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  1. #1

    Dual Booting - My Best Option?

    Hi there, I have a new HP laptop with Win7 and I'd like to dual boot with Linux Mint.

    The problem is that the machine is already sent with the maximum of 4 primary partitions-C, Recovery, HP Tools, & System. One of them must be deleted for an extended partition to be made for Linux. If not, any extra space will be labeled as "unsuable" instead of "unallocated" and gparted won't let me do anything with it.

    On my previous laptop, I dual booted after deleting the recovery drive. Ironically, I started having issues with it shortly after. I eventually learned that the issues were caused by heating damage to my motherboard, but the whole diagnostics process and trying to restore the computer, etc. was very frustrating without the recovery drive.

    For this computer, I'd like to keep recovery, which leaves me with HP Tools and System. I don't know too much about these, but I think HP Tools has some diagnostic and hardware-checking programs. I've heard that System either has the boot sequence or BIOS settings and probably shouldn't be messed with. So I was considering the following options:

    1.) Putting HP Tools on a USB Drive and then deleting it (If anyone had tips for this process, that'd be amazing).
    2.) Installing Linux to an external HDD (though I heard that would perform slower than on an internal hard drive)
    3.) Somehow combining my current partitions if possible to leave an extra one for Linux (again I'd need steps and tips for this).

    What do you think is the best option? I'd really appreciate any tips, procedures, or advice. Thanks for reading

  2. #2
    Linux Guru
    Join Date
    Dec 2013
    that's windows in a nutshell for you.

    a hard choice to make. i'd go with recovery, but it seems you lean more towards the hp tools. not sure if cloning the partition to usb helps; maybe you have an installation disk with hp tools somewhere?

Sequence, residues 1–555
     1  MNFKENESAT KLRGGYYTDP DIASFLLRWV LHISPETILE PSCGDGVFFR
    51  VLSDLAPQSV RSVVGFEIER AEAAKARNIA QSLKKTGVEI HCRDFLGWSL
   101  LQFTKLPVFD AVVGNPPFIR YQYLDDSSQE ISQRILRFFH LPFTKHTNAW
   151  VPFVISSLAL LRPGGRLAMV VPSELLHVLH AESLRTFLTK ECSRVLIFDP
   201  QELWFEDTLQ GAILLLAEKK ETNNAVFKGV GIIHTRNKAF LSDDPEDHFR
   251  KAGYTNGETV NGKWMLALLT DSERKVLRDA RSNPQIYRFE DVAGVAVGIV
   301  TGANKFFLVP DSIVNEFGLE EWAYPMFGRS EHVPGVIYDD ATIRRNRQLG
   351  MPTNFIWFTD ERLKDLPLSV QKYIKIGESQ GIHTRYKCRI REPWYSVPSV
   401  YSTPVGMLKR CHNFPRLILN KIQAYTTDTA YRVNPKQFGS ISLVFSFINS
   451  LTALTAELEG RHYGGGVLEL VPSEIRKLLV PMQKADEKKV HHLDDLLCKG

yes, you have to delete one partition so it becomes unallocated, then shrink the other partitions around it or even move them around (it has to result in contiguous physical space on the drive for the new extended partition). a resource-intensive task. make backups.

    ps: there may be other solutions, but i'm no windows user.

  3. #3
    Just Joined! sidzen's Avatar
    Join Date
    Nov 2013
    First, I would purchase a Win7 Boot or Recovery Disc (can no longer make for free, I hear!) before beginning, should I want to be sure to keep Win7.

    The following is what I did on a HP laptop to get it to dual-boot Win7/Linux:

    Burned the HP_Tools to DVD and deleted it;
    Using Windows, I moved the System partition to a sub-directory of C:\;
    Still using Windows, I shrank the C:\ to a partition size where space used was 40% of the total partition size;
    Then, using Gparted from SystemRescueCD, I created a 20GB primary partition for / (root) and the remainder became an extended partition wherein the swap and /home logical partitions were to reside;
    Installed Linux to created / and others, loading GRUB2 onto root rather than MBR;
    Used EasyBCD (another neosmart product) for Boot Loader.


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